Extraordinary Benefits Result when you Teach Sign Language To Your Hearing Baby
By Diane Ryan
Speech and Language Therapist and Founder of KinderSigns
Infants are born with an instinctive need to communicate. But learning to
talk takes time – plus it requires the type of motor skills that babies
only begin to master around their first birthday. Studies have shown that
while babies may lack the motor skills, they do have the ability to
understand and use language well before they can speak. And given the
right guidance, they have much to say - with their hands!
Until recent years, sign language was used as a method of communicating
only with the hearing impaired. Research now shows us that signing is also
an effective way to communicate with hearing babies. And even more
remarkably, signing enables babies to “talk” back.
What can a signing baby communicate? Let’s look at 10 month old Amanda,
whose parents are “graduates” of KinderSigns’ “Baby Sign Language
University,” an internet-based resource that offers information and online
courses on the topic. (See
http://www.kindersigns.com) After several
months of being shown a few simple signs, Amanda was able to “tell” her
parents that she was hungry, thirsty or wanted another story read to her.
But even more remarkably, Amanda had the ability to tell Mom and Dad when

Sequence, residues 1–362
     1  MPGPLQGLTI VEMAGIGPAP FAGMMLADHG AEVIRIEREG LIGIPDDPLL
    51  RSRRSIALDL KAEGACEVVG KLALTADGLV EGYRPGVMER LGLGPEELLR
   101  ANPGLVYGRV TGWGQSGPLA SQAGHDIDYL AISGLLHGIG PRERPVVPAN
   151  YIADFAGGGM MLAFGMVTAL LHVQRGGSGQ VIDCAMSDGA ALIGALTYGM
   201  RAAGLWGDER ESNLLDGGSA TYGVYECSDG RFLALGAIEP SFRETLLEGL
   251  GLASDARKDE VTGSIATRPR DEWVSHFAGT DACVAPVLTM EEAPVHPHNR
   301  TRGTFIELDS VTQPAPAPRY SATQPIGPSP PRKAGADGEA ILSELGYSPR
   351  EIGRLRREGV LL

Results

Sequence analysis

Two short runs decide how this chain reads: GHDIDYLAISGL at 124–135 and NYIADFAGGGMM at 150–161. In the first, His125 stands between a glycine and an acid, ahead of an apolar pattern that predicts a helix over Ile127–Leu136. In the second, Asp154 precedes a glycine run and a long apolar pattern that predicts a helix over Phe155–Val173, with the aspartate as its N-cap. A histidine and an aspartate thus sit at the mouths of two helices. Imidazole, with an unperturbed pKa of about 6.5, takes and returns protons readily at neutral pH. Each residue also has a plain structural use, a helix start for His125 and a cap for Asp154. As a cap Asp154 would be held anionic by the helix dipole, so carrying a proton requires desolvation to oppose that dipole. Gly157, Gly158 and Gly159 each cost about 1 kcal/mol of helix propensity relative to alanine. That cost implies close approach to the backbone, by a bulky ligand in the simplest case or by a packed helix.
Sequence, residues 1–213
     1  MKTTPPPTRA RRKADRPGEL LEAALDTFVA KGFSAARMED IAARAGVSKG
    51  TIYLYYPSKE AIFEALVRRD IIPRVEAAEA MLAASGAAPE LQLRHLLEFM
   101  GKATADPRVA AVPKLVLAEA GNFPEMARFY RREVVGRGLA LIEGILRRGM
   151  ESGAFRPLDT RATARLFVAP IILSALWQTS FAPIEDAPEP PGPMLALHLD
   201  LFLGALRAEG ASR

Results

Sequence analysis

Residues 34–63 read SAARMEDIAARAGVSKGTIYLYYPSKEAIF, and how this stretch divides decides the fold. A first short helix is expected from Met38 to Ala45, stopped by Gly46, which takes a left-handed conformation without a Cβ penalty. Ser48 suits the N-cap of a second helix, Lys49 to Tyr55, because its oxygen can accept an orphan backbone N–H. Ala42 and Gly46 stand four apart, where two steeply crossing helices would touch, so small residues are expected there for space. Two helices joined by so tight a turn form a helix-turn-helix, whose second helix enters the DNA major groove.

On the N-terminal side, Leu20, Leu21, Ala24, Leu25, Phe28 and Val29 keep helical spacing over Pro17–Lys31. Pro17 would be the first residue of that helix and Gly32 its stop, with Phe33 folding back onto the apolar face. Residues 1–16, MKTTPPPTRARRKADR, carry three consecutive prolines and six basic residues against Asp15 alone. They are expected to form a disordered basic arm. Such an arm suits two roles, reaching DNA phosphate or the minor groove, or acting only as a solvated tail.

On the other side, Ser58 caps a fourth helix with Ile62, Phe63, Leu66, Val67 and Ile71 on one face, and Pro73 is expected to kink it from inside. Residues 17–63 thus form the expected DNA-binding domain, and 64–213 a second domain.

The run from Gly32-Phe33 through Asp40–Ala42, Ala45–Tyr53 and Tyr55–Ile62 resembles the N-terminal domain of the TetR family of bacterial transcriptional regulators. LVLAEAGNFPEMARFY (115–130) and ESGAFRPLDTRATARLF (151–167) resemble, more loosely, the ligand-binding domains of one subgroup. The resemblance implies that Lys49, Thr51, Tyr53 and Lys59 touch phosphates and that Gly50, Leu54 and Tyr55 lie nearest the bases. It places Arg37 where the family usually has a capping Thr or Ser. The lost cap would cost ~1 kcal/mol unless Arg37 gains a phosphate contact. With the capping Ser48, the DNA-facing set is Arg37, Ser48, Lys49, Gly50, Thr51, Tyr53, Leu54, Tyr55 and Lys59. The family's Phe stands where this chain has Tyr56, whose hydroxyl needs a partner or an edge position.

she was in pain - and even where it hurt!
If you are skeptical, you are not alone. Many parents are - until they
read the research. Once they realize that the extraordinary benefits of
“baby signing” are scientifically proven, they can’t wait to begin.
What are the benefits of signing with your baby?
Research has shown that babies who sign are less frustrated since they
have a way of expressing their wants and needs. Simply put, they cry less.
But even more amazingly, babies who are taught a few simple signs not only
speak earlier than non-signers but have larger vocabularies and become
better readers. It has to do with stimulating more synapses of the brain.
Signing babies have IQ’s that are 10-12 points higher.
To sum it up, babies who sign…
Speak earlier than non-signers
Experience less frustration
Develop larger vocabularies
Become better readers
Have IQ’s that are at least 10-12 points higher
Teaching a hearing baby to sign is a simple and natural process. Think of
it as an extension of natural baby gestures. Without being taught, a baby
will point at something he is interested in or raise his arms to be picked
up. Teaching a baby sign language capitalizes on that natural tendency.
How it is accomplished? Parents begin with one sign, the sign for “more,”
always speaking as you sign. Remember that your ultimate goal is verbal
language development so you must always say the word as you sign. Then you
follow with the signs for “eat” and “milk.”
When you introduce a sign to a baby, it must be in context. In other
words, it has to mean something to the baby. Let’s take the sign for
“more,” for example. You might give your baby a few spoonfuls of cereal
and then stop. Then you would ask, “MORE? Do you want MORE?” (making sure
to emphasize the word as you sign) Do it enough and your baby will catch
on. You can use that same technique to teach that same sign in other
contexts. For example, “more” of a book… “more” tickling. Just start the